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To obtain a coronary calcification score, special CAT scans are used to evaluate the amount of calcium that has become lodged in the heart's blood vessels. Coronary calcification occurs when calcium clings to the blood vessel walls and can cause heart problems such as chest pain or even heart attack.
This fairly simple test is a recent addition to the many different ways doctors diagnose heart problems. While experts are still determining if this test is truly efficient, it has been effective in revealing the presence of blockages. It does not, however, offer specifics that would help in formatting a treatment plan, such as how large the blockages are, or where exactly they have lodged. Instead, when these CAT scans detect coronary calcification, it is treated as an indicator that the patient needs more tests to determine the extent of the problem.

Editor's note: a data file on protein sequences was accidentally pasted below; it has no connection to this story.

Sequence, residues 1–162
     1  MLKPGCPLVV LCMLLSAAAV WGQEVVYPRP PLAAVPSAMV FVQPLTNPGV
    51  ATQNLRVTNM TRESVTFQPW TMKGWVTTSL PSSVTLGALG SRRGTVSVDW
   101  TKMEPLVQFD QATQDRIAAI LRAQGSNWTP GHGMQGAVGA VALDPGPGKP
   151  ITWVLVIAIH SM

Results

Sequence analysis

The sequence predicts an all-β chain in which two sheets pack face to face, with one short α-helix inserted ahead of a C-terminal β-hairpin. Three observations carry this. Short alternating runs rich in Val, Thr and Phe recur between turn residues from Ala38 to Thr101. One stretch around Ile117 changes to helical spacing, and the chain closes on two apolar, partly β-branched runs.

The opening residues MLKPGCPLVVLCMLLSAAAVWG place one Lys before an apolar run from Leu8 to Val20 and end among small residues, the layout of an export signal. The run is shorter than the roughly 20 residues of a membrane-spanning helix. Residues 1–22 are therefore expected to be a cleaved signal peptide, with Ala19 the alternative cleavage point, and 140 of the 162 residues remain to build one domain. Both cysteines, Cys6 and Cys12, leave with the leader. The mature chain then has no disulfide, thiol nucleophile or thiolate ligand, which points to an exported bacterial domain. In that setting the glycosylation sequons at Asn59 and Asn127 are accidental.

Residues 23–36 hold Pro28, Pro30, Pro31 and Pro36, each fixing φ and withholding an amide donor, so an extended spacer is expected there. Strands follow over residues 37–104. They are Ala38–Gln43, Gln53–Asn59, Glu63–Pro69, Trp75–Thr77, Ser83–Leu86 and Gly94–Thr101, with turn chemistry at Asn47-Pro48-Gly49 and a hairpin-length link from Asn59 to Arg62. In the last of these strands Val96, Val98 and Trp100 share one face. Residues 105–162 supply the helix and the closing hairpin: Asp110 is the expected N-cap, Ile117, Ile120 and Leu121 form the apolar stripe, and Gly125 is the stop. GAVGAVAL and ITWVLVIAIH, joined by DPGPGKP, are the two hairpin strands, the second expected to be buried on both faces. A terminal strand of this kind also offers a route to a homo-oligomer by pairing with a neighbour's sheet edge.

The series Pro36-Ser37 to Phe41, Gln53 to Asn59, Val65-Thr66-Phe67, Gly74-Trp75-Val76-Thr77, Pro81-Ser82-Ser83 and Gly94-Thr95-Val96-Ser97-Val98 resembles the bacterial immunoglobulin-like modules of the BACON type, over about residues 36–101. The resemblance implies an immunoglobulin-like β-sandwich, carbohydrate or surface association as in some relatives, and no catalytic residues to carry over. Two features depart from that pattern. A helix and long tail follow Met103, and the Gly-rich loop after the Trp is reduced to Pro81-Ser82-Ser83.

A high coronary calcification score will require further evaluation and possible treatment. A low coronary calcification score, however, generally indicates a good outlook for the patient, with little further treatment being required.